Outwood Academy Acklam

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About Outwood Academy Acklam

Name Outwood Academy Acklam
Website http://www.acklam.outwood.com/
Ofsted Inspections
Principal Mr Graham Skidmore
Address Hall Drive, Acklam, Middlesbrough, TS5 7JY
Phone Number 01642818200
Phase Academy
Type Academy sponsor led
Age Range 11-16
Religious Character Does not apply
Gender Mixed
Number of Pupils 1159
Local Authority Middlesbrough
Highlights from Latest Inspection


Outwood Academy Acklam continues to be a good school.

What is it like to attend this school?

Pupils say the school is very academic. There is a strong focus on doing well in English and mathematics. Most pupils are happy in school.

They recognise that staff go the extra mile to challenge and push them in lessons. Most pupils do what their teachers ask quickly. However, a very small minority of pupils continue to misbehave from time to time.

The increasing number of pupils who join the school are made to feel welcome from day one. Pupils new to the country receive excellent support to settle in and learn a new language. Pupils from different backgrounds and religions mix we...ll together.

There are few instances of bullying. Pupils told us that they know who to speak to if they have a concern. Most pupils know what bullying is; however, some pupils do not.

Pupils are confident that teachers take it seriously and act swiftly to sort things out. Pupils say that they feel safe. Care and support for pupils with special educational needs and/or disabilities (SEND) is superb.

Many opportunities exist for these pupils to seek comfort or personal advice when needed. Parents say that they would like more information to help them better understand what their children are learning and how well they are doing.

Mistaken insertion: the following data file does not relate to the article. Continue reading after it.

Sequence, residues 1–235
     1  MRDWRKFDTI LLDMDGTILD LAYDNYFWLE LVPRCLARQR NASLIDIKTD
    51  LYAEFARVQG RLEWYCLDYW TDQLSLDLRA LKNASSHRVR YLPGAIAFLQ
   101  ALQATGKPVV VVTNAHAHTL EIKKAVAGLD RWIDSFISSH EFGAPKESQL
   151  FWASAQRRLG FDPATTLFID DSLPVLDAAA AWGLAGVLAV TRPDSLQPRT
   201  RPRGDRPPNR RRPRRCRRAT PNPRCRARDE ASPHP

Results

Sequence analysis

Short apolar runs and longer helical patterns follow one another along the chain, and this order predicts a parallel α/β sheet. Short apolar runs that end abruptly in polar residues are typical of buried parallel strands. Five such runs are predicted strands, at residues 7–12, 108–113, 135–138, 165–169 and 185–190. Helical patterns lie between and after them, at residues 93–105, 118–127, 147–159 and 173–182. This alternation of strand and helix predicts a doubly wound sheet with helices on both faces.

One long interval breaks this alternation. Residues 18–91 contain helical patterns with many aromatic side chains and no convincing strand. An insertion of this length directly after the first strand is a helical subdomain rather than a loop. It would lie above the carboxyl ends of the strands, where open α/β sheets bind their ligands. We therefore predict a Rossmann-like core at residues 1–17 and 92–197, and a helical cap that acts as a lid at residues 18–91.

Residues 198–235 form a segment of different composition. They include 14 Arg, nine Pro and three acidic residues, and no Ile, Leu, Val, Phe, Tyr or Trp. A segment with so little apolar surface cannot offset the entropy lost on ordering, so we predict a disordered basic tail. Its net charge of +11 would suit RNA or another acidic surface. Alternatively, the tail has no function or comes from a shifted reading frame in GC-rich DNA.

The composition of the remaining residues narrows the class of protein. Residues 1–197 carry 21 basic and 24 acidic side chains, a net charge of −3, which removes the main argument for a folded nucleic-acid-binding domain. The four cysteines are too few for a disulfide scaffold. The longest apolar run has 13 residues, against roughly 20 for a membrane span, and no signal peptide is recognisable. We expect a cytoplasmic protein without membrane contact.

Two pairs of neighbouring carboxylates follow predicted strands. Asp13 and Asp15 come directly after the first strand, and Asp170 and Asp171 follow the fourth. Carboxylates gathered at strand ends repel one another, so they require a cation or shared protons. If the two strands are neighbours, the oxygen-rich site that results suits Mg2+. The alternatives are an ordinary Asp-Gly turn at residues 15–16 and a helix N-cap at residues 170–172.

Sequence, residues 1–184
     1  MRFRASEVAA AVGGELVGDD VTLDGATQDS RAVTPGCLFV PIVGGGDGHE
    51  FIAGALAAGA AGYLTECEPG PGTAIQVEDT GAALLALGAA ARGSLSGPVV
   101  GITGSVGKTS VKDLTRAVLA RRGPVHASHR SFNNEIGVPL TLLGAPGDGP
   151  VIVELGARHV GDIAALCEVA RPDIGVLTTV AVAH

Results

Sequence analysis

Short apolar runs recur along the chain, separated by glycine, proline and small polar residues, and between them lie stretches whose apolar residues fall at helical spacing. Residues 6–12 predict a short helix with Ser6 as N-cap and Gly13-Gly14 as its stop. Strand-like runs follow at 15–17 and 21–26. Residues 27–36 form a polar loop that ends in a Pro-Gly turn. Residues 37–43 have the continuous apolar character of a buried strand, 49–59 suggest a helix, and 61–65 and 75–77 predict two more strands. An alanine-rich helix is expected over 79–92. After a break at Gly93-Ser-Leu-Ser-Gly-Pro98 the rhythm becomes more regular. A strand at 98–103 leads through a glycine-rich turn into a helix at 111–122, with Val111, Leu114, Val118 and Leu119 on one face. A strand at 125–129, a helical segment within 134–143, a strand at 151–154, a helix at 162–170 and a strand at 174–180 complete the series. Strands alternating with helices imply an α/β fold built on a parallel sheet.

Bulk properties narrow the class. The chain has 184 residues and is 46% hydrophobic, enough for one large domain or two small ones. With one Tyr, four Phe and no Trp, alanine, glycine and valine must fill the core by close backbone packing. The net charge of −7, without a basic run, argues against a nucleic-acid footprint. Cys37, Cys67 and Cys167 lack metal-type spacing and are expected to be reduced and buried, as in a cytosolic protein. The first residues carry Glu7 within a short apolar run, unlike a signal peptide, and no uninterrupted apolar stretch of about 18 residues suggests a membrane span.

What does the school do well and what does it need to do better?

Leaders know that when most pupils join the school in Year 7 or later, they need extra help to improve their English and mathematical knowledge.

The curriculum has been designed carefully with this in mind. Pupils remember the most important subject content for longer because learning activities regularly cover and reinforce old ground. This helps pupils to understand more clearly new vocabulary and ideas.

Pupils' understanding in other subjects is weak when they join the school. For example, in geography many pupils struggle to name and locate the seven continents. This means that pupils have to learn content and skills that are often taught in key stages 1 and 2.

While staff ensure that pupils study topics and learn skills that match the national curriculum, time is limited to cover subject content in depth before pupils 'drop' some subjects at the end of Year 8.

Teachers have good knowledge of the subjects they teach. They receive high-quality support and training from school leaders and staff from the multi-academy trust (the trust).

In the past, pupils' achievement at the end of Year 11 has been strong. Nearly all pupils who leave the school go on to appropriate education, employment or training. Current pupils are doing well.

When pupils do fall behind, or need more support, staff are quick to help pupils do better.

Pupils say there is a strong focus on doing well in their examinations. Yet, there are also many opportunities for pupils to develop personally during their time in school.

Pupils improve their leadership skills during form class elections and group work in lessons. Furthermore, staff give up their time to run chess clubs, wider school trips and visits to universities. This helps to raise pupils' aspirations and improves already-strong teacher–pupil relationships.

Some pupils do not have a very strong understanding of how they can look after their own physical and mental health. These pupils told inspectors they would welcome more support to promote fitness and lead a healthy lifestyle.

Pupils usually behave well.

Their behaviour continues to get better. This has been helped by teachers' more personal approach this academic year. There is a strong emphasis on developing positive relationships in school.

Although numbers are still quite high, far fewer pupils are excluded from school now. Leaders know that there is still work to do to improve attendance so that it is similar to or exceeds that of attendance in other schools nationally.